In Search Of Truth, Not DogmaBy AMY PAGNOZZI, The Hartford Courant, December 19, 2000
You may have noticed that in the weeks that have passed since I began writing about Intifada 2000, I've been under a great deal of fire from critics.
Flamed? Charbroiled is more like it.
Outraged readers wrote the letters to the editor.
Lists of corrections ran - so long, they should have had my byline on them.
The paper's reader representative, Elissa Papirno, not satisfied with trashing my reputation in her Sunday column, took shots at the talented, decent man who edited my copy.
A declaration of war, and my first instinct was to strike out (or rather, meet her aggression with Israeli-style "resolve").
But perhaps Papirno's attack was a reflex - the conditioned response of a person programmed to believe that Israel does no wrong. I used to be one of them.
Whatever Israel says, the United States swears to. Then the palace court press duly records the sophistry, turning it into "fact."
Fairness & Accuracy In Reporting (FAIR), a media watchdog group, has fired off one action alert after another, lambasting the American media for biased coverage of the current conflict, but it's been to no avail.
Watchdog groups are as easily ignored by the print media as the U.N. consensus to draft a resolution condemning Israel's "excessive use of force against Palestinians."
As for the networks, they are more biased - and even less accountable. "Occupied territories are no longer `occupied' on TV news," states FAIR.
FAIR says that a typical 90-second story on "Palestinian violence (as it is routinely called) neglects to mention that Palestinians are "fighting against a [foreign] military occupation." ... Their right "to use force ...universally recognized and enshrined in international law."
That's a concept we understand when it's anti-Milosevic Serbs in Yugoslavia throwing bricks and bottle bombs, "taking their struggle ... for democracy into the streets," as a Fox News promo put it.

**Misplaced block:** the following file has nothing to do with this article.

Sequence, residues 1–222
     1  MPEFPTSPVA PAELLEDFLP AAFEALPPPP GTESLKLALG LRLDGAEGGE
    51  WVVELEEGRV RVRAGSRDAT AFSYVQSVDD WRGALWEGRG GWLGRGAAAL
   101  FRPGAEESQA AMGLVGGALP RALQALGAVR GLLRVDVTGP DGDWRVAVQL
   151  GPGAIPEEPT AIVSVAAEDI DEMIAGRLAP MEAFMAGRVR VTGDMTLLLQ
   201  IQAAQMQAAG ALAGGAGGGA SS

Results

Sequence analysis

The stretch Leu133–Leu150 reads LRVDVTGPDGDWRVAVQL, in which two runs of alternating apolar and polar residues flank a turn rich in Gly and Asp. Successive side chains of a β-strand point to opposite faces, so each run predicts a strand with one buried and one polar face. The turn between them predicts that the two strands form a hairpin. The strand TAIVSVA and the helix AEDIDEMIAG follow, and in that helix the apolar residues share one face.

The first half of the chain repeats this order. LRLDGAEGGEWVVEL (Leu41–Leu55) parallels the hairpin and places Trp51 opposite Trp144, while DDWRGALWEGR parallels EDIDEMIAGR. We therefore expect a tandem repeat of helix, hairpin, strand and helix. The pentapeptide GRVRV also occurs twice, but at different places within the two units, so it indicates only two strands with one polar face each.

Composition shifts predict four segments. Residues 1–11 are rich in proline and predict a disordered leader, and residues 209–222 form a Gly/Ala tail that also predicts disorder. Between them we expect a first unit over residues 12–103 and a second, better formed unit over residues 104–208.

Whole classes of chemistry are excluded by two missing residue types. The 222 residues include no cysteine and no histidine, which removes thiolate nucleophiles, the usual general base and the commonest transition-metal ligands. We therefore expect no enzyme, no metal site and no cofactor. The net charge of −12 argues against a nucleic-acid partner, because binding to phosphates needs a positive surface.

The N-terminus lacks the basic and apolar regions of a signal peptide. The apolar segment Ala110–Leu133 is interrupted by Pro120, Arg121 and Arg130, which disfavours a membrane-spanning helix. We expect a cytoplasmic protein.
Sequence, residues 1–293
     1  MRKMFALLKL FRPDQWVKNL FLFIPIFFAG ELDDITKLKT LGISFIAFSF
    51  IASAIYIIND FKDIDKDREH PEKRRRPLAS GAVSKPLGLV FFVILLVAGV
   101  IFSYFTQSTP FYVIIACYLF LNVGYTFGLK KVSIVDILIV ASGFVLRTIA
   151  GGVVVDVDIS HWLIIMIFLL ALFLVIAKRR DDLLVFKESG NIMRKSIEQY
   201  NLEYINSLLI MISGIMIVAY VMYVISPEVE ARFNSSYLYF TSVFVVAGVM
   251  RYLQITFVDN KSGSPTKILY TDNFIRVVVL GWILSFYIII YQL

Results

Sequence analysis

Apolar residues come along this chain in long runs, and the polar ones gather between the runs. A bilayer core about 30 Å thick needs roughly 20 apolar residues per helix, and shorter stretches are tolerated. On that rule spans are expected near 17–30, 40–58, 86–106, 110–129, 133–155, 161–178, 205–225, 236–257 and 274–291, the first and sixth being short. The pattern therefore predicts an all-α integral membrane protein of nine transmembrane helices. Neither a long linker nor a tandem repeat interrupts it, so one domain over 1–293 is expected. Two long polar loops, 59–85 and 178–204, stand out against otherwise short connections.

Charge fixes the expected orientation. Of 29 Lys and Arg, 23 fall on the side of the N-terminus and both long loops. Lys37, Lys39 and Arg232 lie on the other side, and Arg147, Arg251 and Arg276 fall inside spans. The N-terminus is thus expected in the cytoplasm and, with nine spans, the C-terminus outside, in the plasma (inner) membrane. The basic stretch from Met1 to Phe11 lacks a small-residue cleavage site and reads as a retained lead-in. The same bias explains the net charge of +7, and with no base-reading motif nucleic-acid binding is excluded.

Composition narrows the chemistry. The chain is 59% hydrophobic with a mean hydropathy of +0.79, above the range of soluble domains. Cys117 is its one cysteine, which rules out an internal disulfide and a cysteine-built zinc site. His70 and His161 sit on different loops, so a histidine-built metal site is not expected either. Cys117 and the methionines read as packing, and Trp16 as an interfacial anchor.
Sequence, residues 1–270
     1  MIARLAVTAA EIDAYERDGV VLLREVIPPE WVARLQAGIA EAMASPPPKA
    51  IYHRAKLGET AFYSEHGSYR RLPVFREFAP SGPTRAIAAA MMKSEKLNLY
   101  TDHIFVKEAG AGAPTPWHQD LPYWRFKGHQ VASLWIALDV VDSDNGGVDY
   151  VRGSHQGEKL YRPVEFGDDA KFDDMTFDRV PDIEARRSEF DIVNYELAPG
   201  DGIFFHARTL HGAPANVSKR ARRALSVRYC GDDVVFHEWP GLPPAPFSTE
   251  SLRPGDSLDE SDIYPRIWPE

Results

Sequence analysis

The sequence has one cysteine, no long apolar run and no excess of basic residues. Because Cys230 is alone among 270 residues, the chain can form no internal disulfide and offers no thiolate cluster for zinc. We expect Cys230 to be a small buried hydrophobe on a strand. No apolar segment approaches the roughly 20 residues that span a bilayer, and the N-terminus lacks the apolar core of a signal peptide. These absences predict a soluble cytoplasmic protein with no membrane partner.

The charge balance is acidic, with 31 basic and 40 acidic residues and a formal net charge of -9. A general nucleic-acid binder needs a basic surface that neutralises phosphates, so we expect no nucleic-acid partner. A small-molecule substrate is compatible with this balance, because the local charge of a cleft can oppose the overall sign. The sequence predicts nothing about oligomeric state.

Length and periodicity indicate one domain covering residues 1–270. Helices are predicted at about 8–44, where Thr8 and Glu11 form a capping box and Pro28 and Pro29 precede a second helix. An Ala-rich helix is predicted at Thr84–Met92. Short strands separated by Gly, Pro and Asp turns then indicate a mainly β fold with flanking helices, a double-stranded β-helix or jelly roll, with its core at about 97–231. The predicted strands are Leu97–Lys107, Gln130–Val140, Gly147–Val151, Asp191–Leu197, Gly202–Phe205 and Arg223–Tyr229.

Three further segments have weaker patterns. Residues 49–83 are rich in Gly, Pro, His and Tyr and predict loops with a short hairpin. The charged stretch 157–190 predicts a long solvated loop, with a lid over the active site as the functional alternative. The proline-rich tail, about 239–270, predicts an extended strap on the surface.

But Palestinians tossing rocks or Molotov cocktails in the occupied territories are thugs, rioters - anything but freedom fighters.
Substitute the word "terrorists," and the slaughter of what fact- finding groups estimate is approaching 300 Palestinians and the wounding of thousands more (most unarmed, according to humanitarian groups) seem almost good deeds.
That's right. Organizations including the Israeli peace group B'Tselem and the international Physicians for Human Rights have, in recent weeks, released reports that support the fundamental assertions of my columns.
On Oct. 24, Physicians for Human Rights members were on the outskirts of Ramallah as a demonstration took place. Doctors from the organization "saw [Israeli Defense Forces] soldiers fire live and rubber ammunition at Palestinian civilians," yet saw "no evidence of Palestinians using firearms," a statement said.
The physicians' group concluded that: 1) Israeli soldiers are not firing in only life-threatening situations; and 2) they are firing at heads and thighs to injure and kill, not to avoid loss of life and injury.